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Gems of the Greenwich Village superblocks

Inspired by Untapped New York's new weekly series titled "5 Spots in 5 Minutes", we'd like to share 7 gems you can see in 15 minutes on 2 blocks in Greenwich Village.

1. Alan Sonfist's Time Landscape
Location: Laguardia Place and Houston Street

The Time Landscape park was created by landscape artist Alan Sonfist.  The landscape was proposed in 1956 "as a living monument to the forest that once blanketed Manhattan Island" prior to the arrival of Dutch settlers in the early 17th century.  Sonfist conducted "extensive research on New York’s botany, geology, and history."  The 25' x 40' forest park is composed of native trees, shrubs, wild grasses, flowers, plants, rocks, and earth.  

Image: Time Landscape
(Sonfist's conceptual/land art peers are Martha Schwartz ("The Bagel Garden"), Robert Smithson ("Spiral Jetty"), and Richard Serra ("Spin Out (for Robert Smithson)).

Image: Time Landscape (Hubert J. Steed,

2. Grove of willow oaks, an endangered species in New York State
Location: Bleecker Street, south, between Laguardia Place and Mercer Street

The oak grove on Bleecker Street is composed of red and willow oaks. There are six willow oaks which are also known as peach oaks. Decaying tissue and mushrooms on two of the willow oaks indicate poor condition.  Two of the willow oaks are in poor condition: decaying tissue and mushrooms are visible.  The willow oak is an S1 listed species under the New York Natural Heritage Program (NYNHP) which means it is "endangered/critically imperiled in New York because of extreme rarity (typically 5 or fewer populations or very few remaining individuals) or is extremely vulnerable to extirpation from New York due to biological factors", but only naturally occurring individuals or populations are considered.  Unfortunately, for listing purposes, the willow oaks  in the grove on Bleecker Street were planted.

Image: Red and willow oak grove, Bleecker Street

Image: Red and willow oak grove (Hubert J. Steed,

3. Carl Nesjar's sculpture of Piccaso’s "Sylvette"
Location: Bleecker Street, NYU Silver Towers lawn

The concrete sculpture of Picasso’s 1954 “Sylvette” was created in 1970 by the Norwegian sculptor Carl Nesjar.  The sculpture sits in the central lawn of the Silver Towers residential complex.  The site was conferred landmark designation by the NYC Landmarks Preservation Commission in 2008.
Image: "Portrait of Sylvette" (Hubert J. Steed,

Image: "Portrait of Sylvette" (Hubert J. Steed,

4. Bleecker Street Sakura
Location: Bleecker Street near Mercer Street

Sakura is the Japanese word for "cherry blossoms."  In NYC, the Brooklyn Botanic Garden is famous for its sakura display in the spring.  Greenwich Village has a smaller but no less impressive sakura show on Bleecker Street.  Mark your calendar for 2013!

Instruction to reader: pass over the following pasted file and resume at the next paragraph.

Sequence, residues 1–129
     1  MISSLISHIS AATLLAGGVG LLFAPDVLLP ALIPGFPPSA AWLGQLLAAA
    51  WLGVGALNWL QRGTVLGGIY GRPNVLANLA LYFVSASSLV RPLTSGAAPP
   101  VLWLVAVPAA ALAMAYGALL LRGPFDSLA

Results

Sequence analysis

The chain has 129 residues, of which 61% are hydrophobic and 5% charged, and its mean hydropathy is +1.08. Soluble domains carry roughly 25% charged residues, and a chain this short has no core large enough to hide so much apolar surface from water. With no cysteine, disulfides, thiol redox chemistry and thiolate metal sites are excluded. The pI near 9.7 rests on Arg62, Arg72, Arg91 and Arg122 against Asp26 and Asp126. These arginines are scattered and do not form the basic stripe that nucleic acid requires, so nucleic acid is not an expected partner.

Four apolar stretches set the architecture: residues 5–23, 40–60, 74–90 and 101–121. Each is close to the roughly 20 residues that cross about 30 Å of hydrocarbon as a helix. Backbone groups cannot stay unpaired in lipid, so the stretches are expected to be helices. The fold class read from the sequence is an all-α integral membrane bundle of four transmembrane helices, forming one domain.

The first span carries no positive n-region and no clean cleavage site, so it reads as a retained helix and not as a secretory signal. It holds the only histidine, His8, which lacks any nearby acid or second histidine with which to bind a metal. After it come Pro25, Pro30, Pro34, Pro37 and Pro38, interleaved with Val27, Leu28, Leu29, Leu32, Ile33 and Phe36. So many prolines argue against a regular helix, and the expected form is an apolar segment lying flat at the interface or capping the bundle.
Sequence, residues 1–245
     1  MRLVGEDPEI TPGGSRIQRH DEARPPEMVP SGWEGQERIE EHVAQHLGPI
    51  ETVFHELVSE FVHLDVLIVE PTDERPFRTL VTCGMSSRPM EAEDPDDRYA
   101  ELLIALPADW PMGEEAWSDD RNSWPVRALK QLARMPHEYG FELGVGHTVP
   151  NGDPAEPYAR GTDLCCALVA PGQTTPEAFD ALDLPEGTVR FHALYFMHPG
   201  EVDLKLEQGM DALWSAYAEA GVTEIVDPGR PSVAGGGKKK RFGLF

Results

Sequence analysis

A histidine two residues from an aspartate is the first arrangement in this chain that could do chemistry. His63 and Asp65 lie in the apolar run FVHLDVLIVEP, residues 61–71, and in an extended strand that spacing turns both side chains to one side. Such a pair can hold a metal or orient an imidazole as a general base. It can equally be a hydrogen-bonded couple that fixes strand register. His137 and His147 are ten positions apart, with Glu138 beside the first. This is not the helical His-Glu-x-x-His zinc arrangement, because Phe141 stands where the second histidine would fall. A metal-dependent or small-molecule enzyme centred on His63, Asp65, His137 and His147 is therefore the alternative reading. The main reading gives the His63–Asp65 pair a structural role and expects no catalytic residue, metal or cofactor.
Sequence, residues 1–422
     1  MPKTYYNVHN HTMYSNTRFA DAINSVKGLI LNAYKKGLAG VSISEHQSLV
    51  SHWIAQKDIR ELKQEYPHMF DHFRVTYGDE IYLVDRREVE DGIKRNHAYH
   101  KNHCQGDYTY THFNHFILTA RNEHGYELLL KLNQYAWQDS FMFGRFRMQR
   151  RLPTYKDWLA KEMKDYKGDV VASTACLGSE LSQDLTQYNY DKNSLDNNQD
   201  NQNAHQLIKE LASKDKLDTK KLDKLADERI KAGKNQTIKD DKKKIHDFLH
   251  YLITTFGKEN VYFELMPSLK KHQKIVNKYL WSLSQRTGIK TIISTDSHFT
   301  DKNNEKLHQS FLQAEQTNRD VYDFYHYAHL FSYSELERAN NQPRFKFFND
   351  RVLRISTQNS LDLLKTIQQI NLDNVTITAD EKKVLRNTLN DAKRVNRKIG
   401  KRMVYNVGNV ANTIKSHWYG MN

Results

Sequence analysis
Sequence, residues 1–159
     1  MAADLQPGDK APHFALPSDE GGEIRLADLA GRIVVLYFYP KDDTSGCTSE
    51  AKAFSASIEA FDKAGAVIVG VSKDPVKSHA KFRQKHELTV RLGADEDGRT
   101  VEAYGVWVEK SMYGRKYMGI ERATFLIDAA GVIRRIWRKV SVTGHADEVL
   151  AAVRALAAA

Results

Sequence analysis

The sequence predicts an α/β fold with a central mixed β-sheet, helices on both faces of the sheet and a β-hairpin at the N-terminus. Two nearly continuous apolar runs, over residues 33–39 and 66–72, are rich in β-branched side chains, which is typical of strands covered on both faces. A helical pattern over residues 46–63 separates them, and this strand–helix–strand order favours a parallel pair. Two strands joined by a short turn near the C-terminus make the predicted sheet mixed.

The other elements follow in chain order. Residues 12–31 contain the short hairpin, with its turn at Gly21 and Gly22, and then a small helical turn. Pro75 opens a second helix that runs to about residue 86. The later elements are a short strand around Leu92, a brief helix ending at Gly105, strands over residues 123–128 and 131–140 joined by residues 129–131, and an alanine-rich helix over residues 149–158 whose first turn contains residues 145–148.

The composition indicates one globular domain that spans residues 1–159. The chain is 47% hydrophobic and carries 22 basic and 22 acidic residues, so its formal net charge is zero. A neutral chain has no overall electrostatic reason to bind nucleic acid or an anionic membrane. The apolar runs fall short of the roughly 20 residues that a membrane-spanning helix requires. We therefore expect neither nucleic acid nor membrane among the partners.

Image: Kwanzan cherries, Bleecker Street

5. Sasaki Garden at Washington Square Village
Location: Washington Square Village courtyard (between old Greene and Wooster Streets)

The Sasaki Garden is a 1.5 acre garden and green roof in the center of the block bounded by Bleecker, Laguardia, West Third, and Mercer.  The garden was designed by the firm Sasaki, Walker and Associates and completed in 1959.  Approximately 13 species of trees totaling 69 individual trees can be found in the garden.  At least twelve species of birds have been observed in the garden (Northern Cardinal, Mockingbird, Thrasher, Catbird, Mourning Dove, Pigeon, American Robin, Yellow-bellied Sapsucker, Hermit Thrush, Sparrow (House & White-throated) and European Starling) and additionally, at least three species of butterflies have been sighted in and/or near the garden: Red Admiral, American Lady, and Eastern Tiger Swallowtail.

Image: Aerial of WSV Sasaki Garden, October 2011
(The garden is threatened by the NYU expansion plan.  You can learn more about the garden here.)

Image: WSV Sasaki Garden crabapple bosquet

Image: WSV Sasaki Garden southeast section

6. Allées of London planetrees
Location: Washington Square Village courtyard (old Greene and Wooster Streets)

An allee is a straight way lined on both sides with trees.  The courtyard of Washington Square Village features two allées, one on either side of the Sasaki Garden, of 15+ inch diameter London planetrees.

Image: Eastern allée of London planetrees looking south

Image: Eastern allée of planetrees looking north (Hubert J. Steed,
Image: Laguardia Place commercial strip, circa 1961, SHPO Resource Evaluation (source)

7.  Laguardia walkway to the Sasaki Garden
Location: Laguardia Place near West Third Street behind the La Guardia statue
This gem has been lost!  In the late 1990s, NYU filled in the walkway with a postal center thus eliminating a significant physical and visual access point to the Sasaki Garden.  The university also installed gates on either side of the commercial strip on Laguardia Place; these gates are permanently locked further prohibiting access from Laguardia Place to the Sasaki Garden. Don't miss the statue of former Mayor Fiorello La Guardia!

p.s. There is an 8th gem!  The Seed Labyrinth is on Laguardia Place between the community gardens and the Time Landscape.  We wrote about the labyrinth here.